so, but that the General had not paid much attention to him. Two corps-French's and Sedgwick's — were put in where General Meade imagined there was a road, and they floundered about in the woods and ravines for a day and a half, the rest of the army waiting for them; and when they did join us, and we came up to the rebels, General Meade changed his mind, again refused to attack, and marched the army back to Culpepper. Shortly after this campaign I was ordered to the Department of the Missouri, and my connection with the Army of the Potomac ceased. campaign of Price in Missouri. The rebel General Price, with twenty-five thousand men and eighteen pieces of artillery, invaded the State of Missouri, from Arkansas, in October, 1864. He attacked the field-work near Pilot Knob, in the south-eastern part of the State and, although he was repulsed, the garrison abandoned the work and fled to Rolla, some sixty miles to the south-west, where two brigades of cavalry were stationed. Price then moved up toward Franklin, and threatened Saint Louis. General A. J. Smith's command was thrown out to Franklin to cover that place, when Price turned off to Jefferson City, destroying the railroads as he went along; and, on arriving at Jefferson City, he besieged it for several days, the garrison having some six thousand troops, with ten or twelve guns, under four volunteer brigadier-generals. On the sixth of October, 1864, General Rosecrans, commanding the Department of the Missouri, fearing Jefferson City would be lost, ordered me to proceed to that place, and take command of all the forces in that vicinity. I arrived in time to see Price move off, and immediately organized a cavalry force of about four thousand men, with a battery, which was sent in pursuit, and which did good service in compelling Price to keep his command together, and so save the country from being badly pillaged. All other troops that could possibly take the field were prepared to do so, and by the sixteenth of October a cavalry force of seven thousand men and eight pieces of artillery, including the force that was sent in pursuit of Price, was organized and on the march. I assumed the command of this force, and by forced marches came to Lexington on the twentieth, out of which place Price had driven General Curtis' troops, under General Blunt, that morning. I pushed on the next day to the Little Blue, engaged Price's troops, captured two pieces of cannon, and drover them back to the Big Blue, through Independence. While this was going on, General Price with part of his force attacked Major-General Curtis, who had a force of twenty thousand men and thirty-two pieces of artillery, and drove him to Westport, in Kansas, Curtis losing one of his guns. On the twenty-third of October I attacked Price in position on the Big Blue, drove him from his position toward the south, and took a number of prisoners. Price then moved rapidly in retreat. At this time Major-General S. R. Curtis, commanding Department of Kansas, joined me, and proposed, as my command had done so much hard fighting, that he should take the advance. To this I assented, when Curtis, after marching for a day in front, on finding Price had halted on the Osage river, in position to give battle, requested me to take the advance and attack Price. I, therefore, moved immediately with my command to the front, and continued my march all night of the twenty-fourth of October, and at daylight on the morning of the twenty-fifth, I surprised Price in his camp, and drove him from it, and by a series of heavy engagements throughout the day, captured eight pieces of artillery, several standards, one majorgeneral, one brigadier-general, four colonels, and many subordinate officers, and fifteen hundred men. besides a large number of wagons, beefcattle, sheep, &c., Price's force becoming demoralized and retreating rapidly, throwing away their arms and other property that encumbered them. I regret to add that Major-General Curtis gave me no support whatever this day, but, to the benefit of the rebels, his troops were back, and did not participate in any of the engagements; otherwise I should have captured Price's whole force. After the fighting was over, General Curtis moved his forces up, and, with the most exemplary modesty, laid claim to the prisoners, guns, &c., that had been captured, but which I could not recognize, since he had waived his right to command at the time it was necessary to take them from the enemy. On arriving at Fort Scott, Kansas, such of my troops whose horses were able, pursued Price, to the borders of the State, and in an engagement near Newtonia, under General Sanborn, Price was again routed and a number of prisoners were taken, which ended the campaign in Missouri. The object of General Price, in his invasion of Missouri, as shown by intercepted despatches and his speeches at Booneville and elsewhere, was, in concert with disloyal parties in the North, to hold the States of Missouri and Kansas during the time of the Presidential election, to prevent an election, and by other action embarrass the Government of the United States. It was this design that demanded such hard marching and extraordinary energy on the part of the small force at my command, to defeat intentions so sinister and disastrous to the country; and the efforts put forth were so successful, that the State of Missouri recognized their glorious consequences by giving at the Presidential election a vote of forty thousand majority in favor of the government. This was not the only important result of the campaign to the national cause, for the defeat and discomfiture of Price also released from service in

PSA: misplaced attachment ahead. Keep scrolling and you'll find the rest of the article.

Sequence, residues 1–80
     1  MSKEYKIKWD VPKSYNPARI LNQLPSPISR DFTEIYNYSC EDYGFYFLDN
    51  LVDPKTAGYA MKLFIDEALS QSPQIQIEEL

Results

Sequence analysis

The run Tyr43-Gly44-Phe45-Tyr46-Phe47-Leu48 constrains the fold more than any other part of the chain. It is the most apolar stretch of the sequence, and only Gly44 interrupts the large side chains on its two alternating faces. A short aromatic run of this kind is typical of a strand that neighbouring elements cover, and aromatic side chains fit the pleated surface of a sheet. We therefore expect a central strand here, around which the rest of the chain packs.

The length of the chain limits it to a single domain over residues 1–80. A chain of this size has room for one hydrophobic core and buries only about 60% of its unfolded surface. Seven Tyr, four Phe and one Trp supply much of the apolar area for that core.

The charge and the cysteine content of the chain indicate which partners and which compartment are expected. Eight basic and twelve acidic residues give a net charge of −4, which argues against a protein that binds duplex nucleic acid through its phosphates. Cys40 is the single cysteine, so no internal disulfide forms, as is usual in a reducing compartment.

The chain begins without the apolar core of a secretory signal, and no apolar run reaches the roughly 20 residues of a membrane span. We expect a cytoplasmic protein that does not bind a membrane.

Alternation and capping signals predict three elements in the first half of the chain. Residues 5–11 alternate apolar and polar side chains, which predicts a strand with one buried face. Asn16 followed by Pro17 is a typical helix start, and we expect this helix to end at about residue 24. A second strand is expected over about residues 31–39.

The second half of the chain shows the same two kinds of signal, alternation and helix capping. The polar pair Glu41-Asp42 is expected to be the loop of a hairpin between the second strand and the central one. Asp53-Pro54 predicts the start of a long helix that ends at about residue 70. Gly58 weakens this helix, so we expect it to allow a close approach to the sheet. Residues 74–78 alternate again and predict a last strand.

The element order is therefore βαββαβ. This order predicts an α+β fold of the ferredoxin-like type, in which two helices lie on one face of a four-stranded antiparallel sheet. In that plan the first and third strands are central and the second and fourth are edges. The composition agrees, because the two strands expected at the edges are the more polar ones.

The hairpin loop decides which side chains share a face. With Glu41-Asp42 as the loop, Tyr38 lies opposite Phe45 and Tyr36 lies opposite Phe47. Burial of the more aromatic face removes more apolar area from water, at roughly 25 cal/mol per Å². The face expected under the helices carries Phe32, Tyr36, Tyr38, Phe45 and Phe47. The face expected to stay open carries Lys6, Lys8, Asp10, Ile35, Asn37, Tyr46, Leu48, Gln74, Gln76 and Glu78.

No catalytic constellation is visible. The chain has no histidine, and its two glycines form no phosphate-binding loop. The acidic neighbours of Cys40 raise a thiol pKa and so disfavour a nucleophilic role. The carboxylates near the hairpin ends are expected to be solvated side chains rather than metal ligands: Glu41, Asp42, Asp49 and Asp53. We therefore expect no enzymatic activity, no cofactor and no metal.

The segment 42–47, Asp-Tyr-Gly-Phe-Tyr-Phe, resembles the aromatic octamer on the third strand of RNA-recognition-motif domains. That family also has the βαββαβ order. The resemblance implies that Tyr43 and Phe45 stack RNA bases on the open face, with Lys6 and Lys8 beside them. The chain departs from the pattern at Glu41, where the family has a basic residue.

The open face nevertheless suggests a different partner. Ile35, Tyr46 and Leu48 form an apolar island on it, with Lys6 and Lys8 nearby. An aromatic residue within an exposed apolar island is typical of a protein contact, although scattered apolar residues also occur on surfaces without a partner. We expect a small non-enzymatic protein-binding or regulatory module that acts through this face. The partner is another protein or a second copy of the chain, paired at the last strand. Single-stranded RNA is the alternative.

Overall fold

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Table of Contents:
Doc . 16 . operations in Tennessee .
Doc . 19 . the siege of Suffolk, Virginia .
Doc . 36 . General Rousseau 's expedition.
Doc . 59 . battles of Spottsylvania , Va: battle of Sunday , May 8 , 1864 .